Last Saturday was the textbook definition of a glorious day on the Lake Apopka Wildlife Drive (LAWD). I met my friend Michael and we spent the morning looking for birds. Apparently, all the birds heard that the drive has re-opened, and they all flocked out to greet the returning photographers. It was an incredible morning. From all the little birds at the Lust Gate entrance, to the close encounter with the Vermilion Flycatcher at the Crazy U, to the rare ducks along Welland…it took me about six hours to make it all the way through the drive, and I left with a card full of images and a huge smile on my face!
The Lust Gate is one of the easiest places to miss great birds at the LAWD. When you first drive through, it doesn’t look like much. Trees on either side. A canal with maybe a wading bird or two. But if you stop and spend a few minutes — or a few hours — standing and watching, the variety of little birds is great. We started the morning looking for the Ash-throated Flycatcher, who frequents the trees on the north side of the gate. Ashy didn’t show up right away, but this Cooper’s Hawk perched on the fence and showed off his backlit feathers…
Next we headed to the field by the water treatment ponds to look for sparrows. Michael was on a quest for his lifer Vesper Sparrow. At first we stood talking, watching for the signs of little birds flitting from bush to bush. Then it got really active, and we found not just the Vesper Sparrow, but a bunch of fun other birds who popped up to say good morning.
It was fun to see the Prairie Warbler. Although the Prairie Warbler winters in Florida, I don’t get to photograph them very often. But my favorites overall were definitely the Painted Buntings. The sun glistened on the greenie’s feathers making them shine almost blue. Then as the icing on the cake, a male bunting flew in and posed for a few seconds.
As we were driving off, we spotted the Ash-throated Flycatcher flying along the opposite side of the canal. He flew was in fly-catching mode, flitting from perch to perch as he searched for his breakfast bugs. After chasing him back past the entrance gate, we finally got a few photos.
The Crazy U
Our next big stop was the Crazy U (the strange jut in Lust Road where it intersects with Conrad Road). This is where the female Vermilion Flycatcher has been spotted regularly since the LAWD was re-opened. I’d seen the Vermilion on my previous two visits, but she always stayed really far away from the trail. At that distance, she’s a white speck with a red tummy. So on this visit, I was determined to wait her out and get better close-ups. It took a while. At first, the little birds put on a show for us in the nearby vegetation…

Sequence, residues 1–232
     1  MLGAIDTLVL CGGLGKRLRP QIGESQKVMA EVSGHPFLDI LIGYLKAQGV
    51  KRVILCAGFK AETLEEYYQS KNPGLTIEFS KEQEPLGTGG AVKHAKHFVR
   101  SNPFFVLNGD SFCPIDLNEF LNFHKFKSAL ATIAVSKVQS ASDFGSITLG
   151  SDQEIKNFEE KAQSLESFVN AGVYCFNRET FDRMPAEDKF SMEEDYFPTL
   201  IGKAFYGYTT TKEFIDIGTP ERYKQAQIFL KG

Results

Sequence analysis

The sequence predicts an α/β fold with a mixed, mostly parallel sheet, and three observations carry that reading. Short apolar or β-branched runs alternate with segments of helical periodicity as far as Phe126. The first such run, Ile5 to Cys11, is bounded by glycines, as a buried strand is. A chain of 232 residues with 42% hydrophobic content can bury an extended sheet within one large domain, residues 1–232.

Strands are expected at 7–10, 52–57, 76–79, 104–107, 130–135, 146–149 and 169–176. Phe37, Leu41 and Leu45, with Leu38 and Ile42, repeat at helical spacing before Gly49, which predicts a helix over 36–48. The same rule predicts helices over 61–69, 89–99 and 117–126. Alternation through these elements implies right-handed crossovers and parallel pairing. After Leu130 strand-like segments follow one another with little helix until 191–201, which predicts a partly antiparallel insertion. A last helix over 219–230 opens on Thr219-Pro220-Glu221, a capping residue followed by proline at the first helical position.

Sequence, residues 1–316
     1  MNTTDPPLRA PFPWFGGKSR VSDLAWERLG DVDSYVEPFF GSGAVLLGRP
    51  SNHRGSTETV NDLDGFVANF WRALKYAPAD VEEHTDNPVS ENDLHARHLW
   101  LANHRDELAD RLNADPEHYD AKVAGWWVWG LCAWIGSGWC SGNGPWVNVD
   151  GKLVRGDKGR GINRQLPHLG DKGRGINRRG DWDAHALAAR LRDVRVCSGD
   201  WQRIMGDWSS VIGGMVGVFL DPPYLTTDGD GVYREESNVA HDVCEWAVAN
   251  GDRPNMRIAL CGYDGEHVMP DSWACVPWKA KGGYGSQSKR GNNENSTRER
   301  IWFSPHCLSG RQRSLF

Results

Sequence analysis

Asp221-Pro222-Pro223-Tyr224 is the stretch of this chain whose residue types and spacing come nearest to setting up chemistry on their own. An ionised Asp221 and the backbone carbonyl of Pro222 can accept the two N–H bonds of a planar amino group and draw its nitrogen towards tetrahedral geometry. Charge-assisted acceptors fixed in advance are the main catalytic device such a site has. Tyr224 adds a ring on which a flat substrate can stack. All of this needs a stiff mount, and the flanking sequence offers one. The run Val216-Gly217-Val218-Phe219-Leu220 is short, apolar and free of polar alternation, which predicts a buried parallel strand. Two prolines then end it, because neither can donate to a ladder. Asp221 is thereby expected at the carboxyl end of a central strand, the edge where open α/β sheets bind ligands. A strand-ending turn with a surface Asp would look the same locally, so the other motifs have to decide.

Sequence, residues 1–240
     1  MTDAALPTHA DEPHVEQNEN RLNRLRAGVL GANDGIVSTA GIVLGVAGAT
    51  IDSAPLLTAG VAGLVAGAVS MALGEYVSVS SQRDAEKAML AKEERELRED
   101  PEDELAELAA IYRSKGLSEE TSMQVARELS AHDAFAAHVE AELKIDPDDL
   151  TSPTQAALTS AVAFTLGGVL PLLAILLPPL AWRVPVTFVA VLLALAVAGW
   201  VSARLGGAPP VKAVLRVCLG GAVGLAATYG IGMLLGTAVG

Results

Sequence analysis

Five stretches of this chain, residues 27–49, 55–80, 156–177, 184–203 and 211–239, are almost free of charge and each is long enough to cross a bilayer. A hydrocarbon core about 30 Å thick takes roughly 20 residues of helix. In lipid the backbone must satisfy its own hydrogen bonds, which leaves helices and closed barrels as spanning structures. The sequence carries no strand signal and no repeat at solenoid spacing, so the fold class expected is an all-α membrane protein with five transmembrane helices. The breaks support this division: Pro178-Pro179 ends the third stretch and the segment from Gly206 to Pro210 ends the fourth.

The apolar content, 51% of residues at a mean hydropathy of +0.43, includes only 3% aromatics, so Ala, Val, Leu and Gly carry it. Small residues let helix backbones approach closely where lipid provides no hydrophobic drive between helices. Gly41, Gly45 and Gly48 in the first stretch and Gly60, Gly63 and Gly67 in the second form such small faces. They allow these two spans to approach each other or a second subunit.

Then a Merlin flew in and posed on the power line behind us.
It was a cold morning to begin with, and the breeze kicked up as stood and watched for the Vermilion. Other birders came and went. My feet started to get numb from the cold. But we stayed and waited. Then finally, Michael spotted her just in front of us!
Such a pretty bird. She doesn’t have the bright red “wow” factor of her male counterpart, but she’s very striking with her red tummy. She came so close that I had trouble focusing on her! We watched her flit from branch to branch for a minute or two, then she headed back to her far-off spot. Michael and I had the biggest grins on our faces. Who cared about numb feet? We got to see the Vermilion!
The Rest of the Drive
It was already pretty late in the morning when we said goodbye to the Vermilion Flycatcher. I didn’t linger much on the rest of the drive. But there’s always something great to see. Like this Bald Eagle, who was dive-bombing an Osprey who happened to have a fish. Why should an eagle catch a fish himself when he can steal it from an Osprey?
As I approached the pump house, a huge flock of Fulvous Whistling-Ducks suddenly took flight. I don’t know what spooked them (perhaps a peregrine? or another eagle?). I’ve never seem them in such numbers. There must have been at least two hundred birds in the air at once. They flew restlessly over the marsh while I tried to find a spot to pull over and park. Then I got to watch small groups of ducks fly overhead for a few minutes.
I found a Horned Grebe at the intersection of Welland Road and Roach Road. It was the first time I’d seen a Horned Grebe at Lake Apopka before. The bird was far out but you can’t miss that bright red eye. Maybe this bird will stick around and let us watch the molt into breeding colors. Their breeding colors are really neat.
Finally on my way out I spotted this Bald Eagle on a telephone pole. Not the best perch but still a magnificent bird. What a fun end to a fantastic morning!
Find my birding list from today on eBird.
Want to learn more about nature photography at Lake Apopka?
Check out my Lake Apopka page with more information about the location, map, website, photography tips, etc. It is archived by date so you can see my images from previous visits. Maybe you'll be inspired for your own trip!
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